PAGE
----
ISSN 1662-4009 (Online)

ESPE Yearbook of Paediatric Endocrinology (2019) 16 5.5 | DOI: 10.1530/ey.16.5.5

Osteoporosis and skeletal dysplasia caused by pathogenic variants in SGMS2

Pekkinen M, Terhal PA, Botto LD, Henning P, Mäkitie RE, Roschger P, Jain A, Kol M, Kjellberg MA, Paschalis EP, van Gassen K, Murray M, Bayrak-Toydemir P, Magnusson MK, Jans J, Kausar M, Carey JC, Somerharju P, Lerner UH, Olkkonen VM, Klaushofer K, Holthuis JC & Mäkitie O


Children’s Hospital, University of Helsinki and Helsinki University Hospital, Helsinki Finland


Abstract: JCI Insight. 2019; Apr 4;4(7).

In brief: This study describes a novel autosomal dominant form of primary osteoporosis caused by SGMS2 mutations in six families. A recurrent mutation p.Arg50* led to primary osteoporosis in four families, whereas missense mutations p.Ile62Ser and p.Met64Arg caused a much more severe bone phenotype with spondylometaphyseal dysplasia and neonatal fractures.

Comment: Osteoporosis is characterized by low bone mineral density and deteriorated bone microstructure, leading to increased fragility fractures. Genetic factors play a major role in determining bone mass and risk of fractures, but thus far only few genes underlying familial forms of bone fragility disorders have been described (1). Most commonly such genes relate to type I collagen but other cellular pathways have also been implicated.

Here, an international group of investigators report on a novel form of dominantly inherited osteoporosis with remarkable phenotypic variability. Heterozygous mutations in SGMS2 were identified as the cause of the disease in six unrelated families using next-generation sequencing techniques. SGMS2 encodes sphingomyelin synthase 2, an enzyme involved in sphingolipid metabolism. Mutations led to changes in the enzyme function and disturbed bone metabolism and mineralisation through mechanisms so far partially unknown. Depending on the type of SGMS2 mutation, affected children and adults presented with isolated osteoporosis, osteoporosis associated with sclerotic skull lesions (‘calvarial doughnut lesions’), or severe spondylometaphyseal dysplasia and short stature. Some subjects also had neurological symptoms, transient facial nerve paralysis being a particularly common feature, suggesting that this may be a distinctive marker of this form of osteoporosis.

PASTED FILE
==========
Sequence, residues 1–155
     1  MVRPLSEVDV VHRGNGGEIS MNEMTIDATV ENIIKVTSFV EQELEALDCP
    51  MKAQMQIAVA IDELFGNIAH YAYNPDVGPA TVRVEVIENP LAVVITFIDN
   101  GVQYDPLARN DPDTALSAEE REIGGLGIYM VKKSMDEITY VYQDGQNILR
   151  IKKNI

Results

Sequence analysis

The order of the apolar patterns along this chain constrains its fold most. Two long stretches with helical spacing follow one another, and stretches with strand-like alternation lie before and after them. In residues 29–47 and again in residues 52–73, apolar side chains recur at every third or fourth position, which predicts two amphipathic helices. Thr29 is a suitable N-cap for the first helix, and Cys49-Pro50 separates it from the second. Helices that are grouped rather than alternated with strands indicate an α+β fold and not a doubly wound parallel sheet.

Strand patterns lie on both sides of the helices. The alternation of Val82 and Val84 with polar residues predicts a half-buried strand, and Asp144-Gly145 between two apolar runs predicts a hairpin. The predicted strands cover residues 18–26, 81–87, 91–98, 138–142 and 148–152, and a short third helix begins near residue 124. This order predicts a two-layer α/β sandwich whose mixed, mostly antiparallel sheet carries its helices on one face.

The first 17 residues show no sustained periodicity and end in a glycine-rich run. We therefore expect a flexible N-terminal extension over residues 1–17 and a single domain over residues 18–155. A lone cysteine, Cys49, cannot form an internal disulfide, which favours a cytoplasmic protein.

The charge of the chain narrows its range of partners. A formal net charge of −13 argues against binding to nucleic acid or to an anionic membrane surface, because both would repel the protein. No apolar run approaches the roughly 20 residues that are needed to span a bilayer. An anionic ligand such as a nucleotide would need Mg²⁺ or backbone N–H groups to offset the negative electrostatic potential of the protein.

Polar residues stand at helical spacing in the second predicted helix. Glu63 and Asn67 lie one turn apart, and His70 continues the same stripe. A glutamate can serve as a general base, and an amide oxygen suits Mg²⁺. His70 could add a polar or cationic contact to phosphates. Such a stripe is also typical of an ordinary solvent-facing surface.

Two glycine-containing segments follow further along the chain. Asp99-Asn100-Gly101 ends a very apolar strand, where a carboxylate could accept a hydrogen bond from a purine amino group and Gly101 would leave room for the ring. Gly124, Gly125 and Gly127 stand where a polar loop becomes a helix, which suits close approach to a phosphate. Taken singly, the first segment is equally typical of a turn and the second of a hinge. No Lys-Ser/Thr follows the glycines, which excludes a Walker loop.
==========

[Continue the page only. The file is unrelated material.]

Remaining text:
Bone tissue samples collected from three patients demonstrated significant abnormalities with disturbed bone microarchitecture and defective bone mineralisation. The changes were particularly dominant in the cortical bone, in line with an abundant expression of SGMS2 in cortical bone. The current evidence suggests that sphingomyelin synthase 2 plays an important role in bone matrix mineralisation, the phenotypic variability corresponds to variable enzyme activity, both intracellularly and at the plasma membrane.

These novel findings are of great interest not only in the field of rare bone diseases but also more widely in osteoporosis research, since such new discoveries may uncover novel targets for drug development. Future studies are awaited to learn more about the phenotypic variability and the shared mechanisms behind bone fragility and neurological symptoms.

Reference: 1. Marini JC, Forlino A, Bächinger HP, Bishop NJ, Byers PH, Paepe A, Fassier F, Fratzl-Zelman N, Kozloff KM, Krakow D, Montpetit K, Semler O. Osteogenesis imperfecta. Nat Rev Dis Primers. 2017 Aug 18;3:17052.